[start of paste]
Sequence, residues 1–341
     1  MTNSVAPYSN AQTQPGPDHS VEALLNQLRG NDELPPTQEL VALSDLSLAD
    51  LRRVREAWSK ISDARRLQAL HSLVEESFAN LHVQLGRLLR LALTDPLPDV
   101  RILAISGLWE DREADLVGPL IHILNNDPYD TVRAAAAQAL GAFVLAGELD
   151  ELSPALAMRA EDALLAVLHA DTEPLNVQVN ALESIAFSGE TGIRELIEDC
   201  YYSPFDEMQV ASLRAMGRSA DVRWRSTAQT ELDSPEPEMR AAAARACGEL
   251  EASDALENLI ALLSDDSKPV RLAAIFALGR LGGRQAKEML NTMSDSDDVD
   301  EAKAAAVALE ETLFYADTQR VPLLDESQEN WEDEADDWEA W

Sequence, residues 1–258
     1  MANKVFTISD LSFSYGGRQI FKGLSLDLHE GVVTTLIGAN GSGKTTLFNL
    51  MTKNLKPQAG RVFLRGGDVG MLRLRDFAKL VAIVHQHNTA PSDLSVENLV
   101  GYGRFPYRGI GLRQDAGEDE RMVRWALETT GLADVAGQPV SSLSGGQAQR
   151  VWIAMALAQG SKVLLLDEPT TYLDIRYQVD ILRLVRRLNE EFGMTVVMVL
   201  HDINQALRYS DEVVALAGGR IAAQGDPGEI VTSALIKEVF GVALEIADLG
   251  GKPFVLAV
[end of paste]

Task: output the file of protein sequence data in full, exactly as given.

Sequence, residues 1–341
     1  MTNSVAPYSN AQTQPGPDHS VEALLNQLRG NDELPPTQEL VALSDLSLAD
    51  LRRVREAWSK ISDARRLQAL HSLVEESFAN LHVQLGRLLR LALTDPLPDV
   101  RILAISGLWE DREADLVGPL IHILNNDPYD TVRAAAAQAL GAFVLAGELD
   151  ELSPALAMRA EDALLAVLHA DTEPLNVQVN ALESIAFSGE TGIRELIEDC
   201  YYSPFDEMQV ASLRAMGRSA DVRWRSTAQT ELDSPEPEMR AAAARACGEL
   251  EASDALENLI ALLSDDSKPV RLAAIFALGR LGGRQAKEML NTMSDSDDVD
   301  EAKAAAVALE ETLFYADTQR VPLLDESQEN WEDEADDWEA W

Sequence, residues 1–258
     1  MANKVFTISD LSFSYGGRQI FKGLSLDLHE GVVTTLIGAN GSGKTTLFNL
    51  MTKNLKPQAG RVFLRGGDVG MLRLRDFAKL VAIVHQHNTA PSDLSVENLV
   101  GYGRFPYRGI GLRQDAGEDE RMVRWALETT GLADVAGQPV SSLSGGQAQR
   151  VWIAMALAQG SKVLLLDEPT TYLDIRYQVD ILRLVRRLNE EFGMTVVMVL
   201  HDINQALRYS DEVVALAGGR IAAQGDPGEI VTSALIKEVF GVALEIADLG
   251  GKPFVLAV